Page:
Ngerng manages to crowdfund more than legal costs to be paid
Roy Ngerng, Singaporean blogger at The Heart Truths was sued by Prime Minister (PM) Lee Hsien Loong for defamation in May 2014. Ngerng had accused Lee of misappropriating CPF funds in a blog post titled Where Your CPF Money Is Going: Learning From The City Harvest Trial.
The PM then sent Ngerng a lawyer’s letter demanding a public apology, removal of the defamatory post and an offer of damages. Although Ngerng complied with the demands, his offer of $5000 as damages was found to be “derisory”.
High Court orders payment of $29,000
An earlier summary judgement made in November 2014 had deemed Ngerng guilty of defamation. A summary judgment is where the case does not need to go to trial because the judge agrees with the original charge.
In the judgment delivered yesterday (12 January), Justice Lee Seiu Kin ordered Ngerng to pay PM Lee the costs of all court proceedings that had taken place till November 2014. The $29,000 does not cover damages, which will be reassessed by the court at a later date. PM Lee had originally requested for $40,000. This was allegedly due to “additional work”, such as extra research to find proof of the extent of damages. Ngerng had offered $13,000, well within the usual range of $5000 to $15,000.
“If (Davinder) was doing too much work, it should not be (my) problem.”
-Ngerng’s lawyer M. Ravi
A crowdfunding project started by Ngerng on his blog to raise funds for his legal fees allowed him to raise $112,000 from over 4000 different contributors. This leaves about $83,000 remaining, which will probably be used for damages that are expected to be in excess of $250,000.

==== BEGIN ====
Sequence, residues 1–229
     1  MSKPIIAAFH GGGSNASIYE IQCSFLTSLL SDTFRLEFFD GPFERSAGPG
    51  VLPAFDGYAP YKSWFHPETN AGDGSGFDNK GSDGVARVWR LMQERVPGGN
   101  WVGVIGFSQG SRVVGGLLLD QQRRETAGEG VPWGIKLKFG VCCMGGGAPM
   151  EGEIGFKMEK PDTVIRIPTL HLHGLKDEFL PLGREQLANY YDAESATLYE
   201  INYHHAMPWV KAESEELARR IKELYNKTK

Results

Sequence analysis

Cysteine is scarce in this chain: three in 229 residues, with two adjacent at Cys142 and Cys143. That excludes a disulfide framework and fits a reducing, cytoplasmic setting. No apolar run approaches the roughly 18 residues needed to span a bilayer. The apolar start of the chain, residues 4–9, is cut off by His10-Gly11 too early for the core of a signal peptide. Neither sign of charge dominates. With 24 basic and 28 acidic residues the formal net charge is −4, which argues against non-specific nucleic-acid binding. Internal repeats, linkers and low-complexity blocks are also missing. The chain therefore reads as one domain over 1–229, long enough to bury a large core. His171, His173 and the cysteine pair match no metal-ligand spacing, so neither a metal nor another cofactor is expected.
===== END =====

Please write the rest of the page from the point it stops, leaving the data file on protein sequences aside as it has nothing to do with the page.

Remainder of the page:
If PM Lee had sued Ngerng in his personal capacity, then why did his press secretary have to respond to media queries? This was picked up by observant members of the public, who then took to social media to complain.
Although Singapore is one of the least corrupt countries in the world, rights groups have accused our leaders of using court cases to claim exorbitant damages from critics and political opponents to ruin them financially. However, Singaporean politicians maintain that such lawsuits are required, so as to protect their reputation.
In another twist of events, TODAY had previously indicated that Ngerng was not willing to be cross-examined. However, Ngerng has disputed this claim in a blog post written yesterday (12 January), claiming that it was a lie.
This is Ngerng’s assertion of what happened:
This high profile case is expected to draw close attention from the public over the issue of free speech. Although Article 14 of the Constitution guarantees “the right to freedom of speech and expression”, it is “restricted by the law of defamation.” This raises questions about the true extent of free speech allowed in Singapore.
Is Article 14 merely a statute for show?